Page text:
I. Information Regarding the Customers' Sales, Costs, and Profits*fn1 The primary dispute presented by the current motions involves the plaintiffs' request for data regarding the customers' sales figures, costs, and profits stemming from their sale or rental of garments incorporating the allegedly infringing fabric. The plaintiffs assert that this information is relevant to their theories of liability and damages. The customers object to the plaintiffs' requests on several grounds. First, they argue that the plaintiffs should be bound by past promises not to ask the customers to provide the kind of detailed information the plaintiffs now seek. But the customers make far too much of statements plaintiffs' counsel made in open court regarding the expected scope of discovery. The customers point to a status hearing held on August 25, 2010, where plaintiffs' counsel stated that "it is likely that . . . the discovery relating to those customers is going to be very limited in scope. And the lion's share of any sort of liabilities discovery, expert discovery on infringement, validity, that sort of thing, is going to be wound up in -- with Westex." ('05 Case, R. 288, Ex. B at 23.) The customers argue that the plaintiffs should not be allowed to "reverse field" and require them to produce information to which they previously disavowed any need. (Id. at 4.) But counsel's statements regarding the plaintiffs' discovery expectations are insufficient standing alone to excuse the customers from complying with the discovery requests in question. Counsel never denied all intent to engage in discovery with the customers or made other statements that would justify rejecting the current motions outright.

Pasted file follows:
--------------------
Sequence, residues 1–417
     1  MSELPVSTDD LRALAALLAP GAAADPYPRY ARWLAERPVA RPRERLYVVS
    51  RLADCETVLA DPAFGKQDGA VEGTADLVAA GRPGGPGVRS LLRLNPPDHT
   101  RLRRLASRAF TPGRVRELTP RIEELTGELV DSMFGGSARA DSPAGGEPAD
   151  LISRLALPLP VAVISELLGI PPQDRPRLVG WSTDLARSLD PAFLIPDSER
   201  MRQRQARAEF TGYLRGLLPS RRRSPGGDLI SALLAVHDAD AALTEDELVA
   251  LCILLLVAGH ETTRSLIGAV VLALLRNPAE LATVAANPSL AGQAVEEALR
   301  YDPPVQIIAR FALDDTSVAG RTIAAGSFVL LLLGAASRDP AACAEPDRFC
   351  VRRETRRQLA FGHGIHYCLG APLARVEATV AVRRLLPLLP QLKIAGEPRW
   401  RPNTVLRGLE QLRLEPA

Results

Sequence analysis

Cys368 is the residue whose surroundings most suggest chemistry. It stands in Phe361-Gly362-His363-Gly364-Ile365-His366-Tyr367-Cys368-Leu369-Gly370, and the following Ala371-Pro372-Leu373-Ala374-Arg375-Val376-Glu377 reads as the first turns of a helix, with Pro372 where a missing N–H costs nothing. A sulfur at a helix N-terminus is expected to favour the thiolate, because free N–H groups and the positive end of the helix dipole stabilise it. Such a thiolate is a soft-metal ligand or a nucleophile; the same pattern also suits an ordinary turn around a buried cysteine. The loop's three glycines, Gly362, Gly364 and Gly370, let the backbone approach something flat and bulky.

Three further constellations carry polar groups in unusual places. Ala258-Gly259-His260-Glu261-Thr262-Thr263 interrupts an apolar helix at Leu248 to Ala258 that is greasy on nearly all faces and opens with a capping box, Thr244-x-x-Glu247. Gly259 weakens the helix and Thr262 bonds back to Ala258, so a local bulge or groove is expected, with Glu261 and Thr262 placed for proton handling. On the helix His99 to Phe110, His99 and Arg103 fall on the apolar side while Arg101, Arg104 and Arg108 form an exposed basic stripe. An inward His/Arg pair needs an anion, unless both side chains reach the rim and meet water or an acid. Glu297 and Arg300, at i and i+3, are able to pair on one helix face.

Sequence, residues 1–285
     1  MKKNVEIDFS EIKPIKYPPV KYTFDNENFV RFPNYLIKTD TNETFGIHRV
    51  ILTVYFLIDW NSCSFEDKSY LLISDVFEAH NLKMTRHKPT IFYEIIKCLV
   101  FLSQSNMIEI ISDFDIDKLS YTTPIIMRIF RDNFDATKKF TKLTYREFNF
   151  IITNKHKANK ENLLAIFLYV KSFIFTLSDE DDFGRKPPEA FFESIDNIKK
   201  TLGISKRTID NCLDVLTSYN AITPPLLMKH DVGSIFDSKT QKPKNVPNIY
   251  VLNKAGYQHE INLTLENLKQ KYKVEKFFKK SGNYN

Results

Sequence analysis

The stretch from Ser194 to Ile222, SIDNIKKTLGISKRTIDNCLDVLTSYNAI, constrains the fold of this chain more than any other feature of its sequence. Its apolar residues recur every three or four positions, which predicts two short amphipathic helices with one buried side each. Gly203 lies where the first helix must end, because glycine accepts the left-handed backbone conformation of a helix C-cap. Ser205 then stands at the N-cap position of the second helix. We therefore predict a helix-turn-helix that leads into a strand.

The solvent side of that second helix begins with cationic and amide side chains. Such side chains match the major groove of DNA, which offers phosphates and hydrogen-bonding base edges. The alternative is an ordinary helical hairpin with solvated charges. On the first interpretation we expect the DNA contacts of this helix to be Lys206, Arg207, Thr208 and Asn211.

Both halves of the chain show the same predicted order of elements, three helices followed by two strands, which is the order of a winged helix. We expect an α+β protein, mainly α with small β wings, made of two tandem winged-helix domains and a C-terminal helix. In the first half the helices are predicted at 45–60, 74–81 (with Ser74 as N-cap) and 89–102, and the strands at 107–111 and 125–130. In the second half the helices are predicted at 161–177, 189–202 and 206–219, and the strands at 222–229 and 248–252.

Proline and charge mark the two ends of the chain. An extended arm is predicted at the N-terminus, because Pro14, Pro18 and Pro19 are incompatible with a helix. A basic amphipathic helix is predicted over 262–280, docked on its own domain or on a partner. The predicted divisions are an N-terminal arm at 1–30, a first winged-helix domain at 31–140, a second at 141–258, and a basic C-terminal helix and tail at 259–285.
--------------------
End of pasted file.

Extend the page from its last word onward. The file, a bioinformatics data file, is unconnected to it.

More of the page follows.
The customers fare better, however, on their argument that the detailed financial data the plaintiffs currently seek with respect to garments-as opposed to the data related to the manufacturers' sale of allegedly infringing fabrics-is neither relevant nor likely to lead to relevant information, and that the substantial burden that the customers would have to undertake to produce the information outweighs whatever scant benefit it could contribute to these proceedings. See Fed. R. Civ. P. 26(b)(2)(C)(iii). The customers assert that complying with the discovery requests would require them to hire outside contractors to extract data from backup storage and expend hundreds of employee hours manually searching tens of thousands of records. ('05 Case, R. 288 at 14-15.) They estimate the cost of compliance as $50,000 at the minimum, coupled with likely expenses from lost productivity and hiring temporary employees. The plaintiffs skirt the question of burden in their reply brief, making no attempt to demonstrate how their interest in the data outweighs the cited burdens. Especially because the customers have shown, as detailed below, that the information the plaintiffs seek is of questionable relevancy, an order compelling the customers to comply with these discovery requests is unwarranted. See Patterson, 281 F.3d at 681-82.